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"Billions and Billions Served" Heterogeneous Effects of Food Source on Child Dietary Quality

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  • Smith, Travis A.

Abstract

This paper estimates heterogeneous effects of food source (food away from home, at home and from school) on child dietary quality. Using a quantile estimator designed for panel data, two non-consecutive days of intake are used to identify the effiect of food source across the unconditional distribution of dietary quality. Main results suggest that food away from home has a negative impact on dietary quality for all children except those falling in the very lowest portion of the unconditional distribution. As compared to home-prepared food, school food is found to increase dietary quality for children falling in the bottom quartile of the distribution. For children with a very high underlying proneness to consume a healthful diet, food from school has a negative effect. While food consumed under the National School Lunch and Breakfast Programs may not benefit every child (especially at the mean), it does improve the diets of many children whom otherwise would have poorer dietary quality. The implication is that U.S. schools are fertile grounds to improve nutrition skill formation, especially for the most disadvantaged.

Suggested Citation

  • Smith, Travis A., 2013. ""Billions and Billions Served" Heterogeneous Effects of Food Source on Child Dietary Quality," 2013 Annual Meeting, August 4-6, 2013, Washington, D.C. 151212, Agricultural and Applied Economics Association.
  • Handle: RePEc:ags:aaea13:151212
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    1. Lin, Biing-Hwan & Guthrie, Joanne F., 2012. "Nutritional Quality of Food Prepared at Home and Away From Home, 1977-2008," Economic Information Bulletin 142361, United States Department of Agriculture, Economic Research Service.
    2. Daniel L. Millimet & Rusty Tchernis & Muna Husain, 2010. "School Nutrition Programs and the Incidence of Childhood Obesity," Journal of Human Resources, University of Wisconsin Press, vol. 45(3).
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    4. Peter Hinrichs, 2010. "The effects of the National School Lunch Program on education and health," Journal of Policy Analysis and Management, John Wiley & Sons, Ltd., vol. 29(3), pages 479-505.
    5. Philip M. Gleason & Carol W. Suitor, 2003. "Eating at School: How the National School Lunch Program Affects Children's Diets," American Journal of Agricultural Economics, Agricultural and Applied Economics Association, vol. 85(4), pages 1047-1061.
    6. James J. Heckman & Dimitriy V. Masterov, 2007. "The Productivity Argument for Investing in Young Children," Review of Agricultural Economics, Agricultural and Applied Economics Association, vol. 29(3), pages 446-493.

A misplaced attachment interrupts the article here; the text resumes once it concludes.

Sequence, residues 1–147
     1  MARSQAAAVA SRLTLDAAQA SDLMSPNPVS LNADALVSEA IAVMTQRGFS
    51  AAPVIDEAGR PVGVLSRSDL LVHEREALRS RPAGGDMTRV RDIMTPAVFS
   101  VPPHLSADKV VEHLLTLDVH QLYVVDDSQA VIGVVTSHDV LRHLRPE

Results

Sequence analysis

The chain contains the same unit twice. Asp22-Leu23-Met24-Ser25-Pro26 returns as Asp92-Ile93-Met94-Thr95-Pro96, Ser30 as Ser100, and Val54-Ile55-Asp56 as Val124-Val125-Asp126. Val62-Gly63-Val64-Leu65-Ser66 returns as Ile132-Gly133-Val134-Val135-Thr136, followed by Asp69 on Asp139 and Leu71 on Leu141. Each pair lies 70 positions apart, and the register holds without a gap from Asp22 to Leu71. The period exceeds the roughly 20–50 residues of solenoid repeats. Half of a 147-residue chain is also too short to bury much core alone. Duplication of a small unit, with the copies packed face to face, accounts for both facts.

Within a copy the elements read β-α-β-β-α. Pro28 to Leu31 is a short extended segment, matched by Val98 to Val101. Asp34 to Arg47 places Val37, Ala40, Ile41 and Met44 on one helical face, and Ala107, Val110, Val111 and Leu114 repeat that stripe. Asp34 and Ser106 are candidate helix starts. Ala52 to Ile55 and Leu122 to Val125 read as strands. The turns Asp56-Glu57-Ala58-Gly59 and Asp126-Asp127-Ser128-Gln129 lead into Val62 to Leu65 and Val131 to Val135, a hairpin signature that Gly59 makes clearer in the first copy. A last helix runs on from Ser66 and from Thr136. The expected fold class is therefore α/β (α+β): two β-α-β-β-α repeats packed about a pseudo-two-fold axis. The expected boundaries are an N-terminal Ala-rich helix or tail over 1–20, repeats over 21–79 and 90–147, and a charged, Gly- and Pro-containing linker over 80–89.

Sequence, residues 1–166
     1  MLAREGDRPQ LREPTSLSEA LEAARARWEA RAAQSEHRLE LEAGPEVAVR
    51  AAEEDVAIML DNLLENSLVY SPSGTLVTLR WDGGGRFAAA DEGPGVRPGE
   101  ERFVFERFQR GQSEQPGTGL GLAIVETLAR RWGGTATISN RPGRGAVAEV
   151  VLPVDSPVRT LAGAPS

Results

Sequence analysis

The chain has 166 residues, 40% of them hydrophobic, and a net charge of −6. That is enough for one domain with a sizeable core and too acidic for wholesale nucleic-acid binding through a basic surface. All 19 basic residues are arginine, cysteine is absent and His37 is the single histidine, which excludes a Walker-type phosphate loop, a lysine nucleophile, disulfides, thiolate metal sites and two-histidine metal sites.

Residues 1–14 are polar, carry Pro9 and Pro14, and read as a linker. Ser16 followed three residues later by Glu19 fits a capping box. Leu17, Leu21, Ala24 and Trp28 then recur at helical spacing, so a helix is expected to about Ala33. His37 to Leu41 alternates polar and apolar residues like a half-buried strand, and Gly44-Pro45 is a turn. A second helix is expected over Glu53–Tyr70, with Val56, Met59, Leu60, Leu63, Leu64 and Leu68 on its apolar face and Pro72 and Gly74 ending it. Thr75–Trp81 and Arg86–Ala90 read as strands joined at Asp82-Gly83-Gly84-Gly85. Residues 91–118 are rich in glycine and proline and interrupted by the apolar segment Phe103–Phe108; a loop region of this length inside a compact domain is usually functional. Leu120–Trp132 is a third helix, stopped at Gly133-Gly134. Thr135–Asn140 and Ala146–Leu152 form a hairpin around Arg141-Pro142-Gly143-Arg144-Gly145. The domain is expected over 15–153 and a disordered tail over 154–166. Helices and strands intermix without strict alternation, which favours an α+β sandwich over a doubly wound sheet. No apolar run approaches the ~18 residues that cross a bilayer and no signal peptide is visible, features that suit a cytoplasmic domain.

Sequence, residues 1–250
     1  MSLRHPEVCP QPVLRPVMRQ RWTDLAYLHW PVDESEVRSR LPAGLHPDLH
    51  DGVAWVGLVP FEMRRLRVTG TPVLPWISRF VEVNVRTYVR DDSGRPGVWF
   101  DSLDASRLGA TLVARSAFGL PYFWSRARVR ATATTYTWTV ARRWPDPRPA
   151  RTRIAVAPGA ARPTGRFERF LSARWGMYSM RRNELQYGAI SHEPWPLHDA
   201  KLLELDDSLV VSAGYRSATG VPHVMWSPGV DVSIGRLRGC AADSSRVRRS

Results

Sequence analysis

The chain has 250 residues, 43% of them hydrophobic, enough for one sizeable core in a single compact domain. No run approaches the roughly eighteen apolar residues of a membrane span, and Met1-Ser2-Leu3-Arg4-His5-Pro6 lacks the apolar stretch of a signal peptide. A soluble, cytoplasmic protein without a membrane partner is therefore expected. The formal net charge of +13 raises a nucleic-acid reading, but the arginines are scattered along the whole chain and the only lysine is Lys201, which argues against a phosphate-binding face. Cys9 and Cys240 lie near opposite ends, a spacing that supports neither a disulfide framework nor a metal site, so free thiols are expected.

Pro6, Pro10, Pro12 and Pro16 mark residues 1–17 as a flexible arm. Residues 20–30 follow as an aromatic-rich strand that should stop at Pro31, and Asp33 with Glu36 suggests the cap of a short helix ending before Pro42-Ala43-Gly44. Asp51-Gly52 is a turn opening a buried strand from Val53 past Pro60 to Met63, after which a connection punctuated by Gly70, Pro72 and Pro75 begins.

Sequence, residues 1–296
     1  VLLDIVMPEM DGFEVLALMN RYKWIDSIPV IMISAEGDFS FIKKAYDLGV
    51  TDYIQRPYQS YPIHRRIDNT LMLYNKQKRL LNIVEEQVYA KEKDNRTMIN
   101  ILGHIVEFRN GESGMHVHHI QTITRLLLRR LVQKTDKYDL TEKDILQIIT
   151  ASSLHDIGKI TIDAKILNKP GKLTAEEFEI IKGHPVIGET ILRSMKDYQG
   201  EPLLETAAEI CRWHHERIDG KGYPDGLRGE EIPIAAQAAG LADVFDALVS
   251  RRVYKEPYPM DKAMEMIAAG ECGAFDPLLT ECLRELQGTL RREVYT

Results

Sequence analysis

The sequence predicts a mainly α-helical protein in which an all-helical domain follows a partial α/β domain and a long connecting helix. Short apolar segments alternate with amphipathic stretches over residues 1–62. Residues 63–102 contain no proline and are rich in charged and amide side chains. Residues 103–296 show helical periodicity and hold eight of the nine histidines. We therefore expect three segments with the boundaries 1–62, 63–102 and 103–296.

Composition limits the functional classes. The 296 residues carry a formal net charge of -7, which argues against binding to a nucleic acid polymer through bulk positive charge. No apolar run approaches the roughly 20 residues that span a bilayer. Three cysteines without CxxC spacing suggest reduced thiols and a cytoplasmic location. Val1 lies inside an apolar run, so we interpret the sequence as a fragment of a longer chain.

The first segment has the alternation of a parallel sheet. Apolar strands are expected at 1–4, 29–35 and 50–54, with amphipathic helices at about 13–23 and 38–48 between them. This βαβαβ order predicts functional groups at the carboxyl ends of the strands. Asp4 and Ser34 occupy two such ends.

7. Diane Whitmore Schanzenbach, 2009. "Do School Lunches Contribute to Childhood Obesity?," Journal of Human Resources, University of Wisconsin Press, vol. 44(3).
    8. Ralston, Katherine L. & Newman, Constance & Clauson, Annette L. & Guthrie, Joanne F. & Buzby, Jean C., 2008. "The National School Lunch Program: Background, Trends, and Issues," Economic Research Report 56464, United States Department of Agriculture, Economic Research Service.
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    12. repec:ran:wpaper:710-1 is not listed on IDEAS
    13. Charles F. Manski & John V. Pepper, 2000. "Monotone Instrumental Variables, with an Application to the Returns to Schooling," Econometrica, Econometric Society, vol. 68(4), pages 997-1012, July.
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    16. Mancino, Lisa & Todd, Jessica E. & Guthrie, Joanne F. & Lin, Biing-Hwan, 2010. "How Food Away From Home Affects Children's Diet Quality," Economic Research Report 134700, United States Department of Agriculture, Economic Research Service.
    17. Beatty, Timothy K.M. & Lin, Biing-Hwan & Smith, Travis A., 2012. "Distributional Changes in U.S. Dietary Quality 1989-2008," 2012 Annual Meeting, August 12-14, 2012, Seattle, Washington 124945, Agricultural and Applied Economics Association.
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    More about this item

    Keywords

    Unconditional quantiles; panel data; dietary quality; school food programs; Consumer/Household Economics; Food Consumption/Nutrition/Food Safety; Public Economics; C31; D39; I12; I18;

    JEL classification:

    • C31 - Mathematical and Quantitative Methods - - Multiple or Simultaneous Equation Models; Multiple Variables - - - Cross-Sectional Models; Spatial Models; Treatment Effect Models; Quantile Regressions; Social Interaction Models
    • D39 - Microeconomics - - Distribution - - - Other
    • I12 - Health, Education, and Welfare - - Health - - - Health Behavior
    • I18 - Health, Education, and Welfare - - Health - - - Government Policy; Regulation; Public Health

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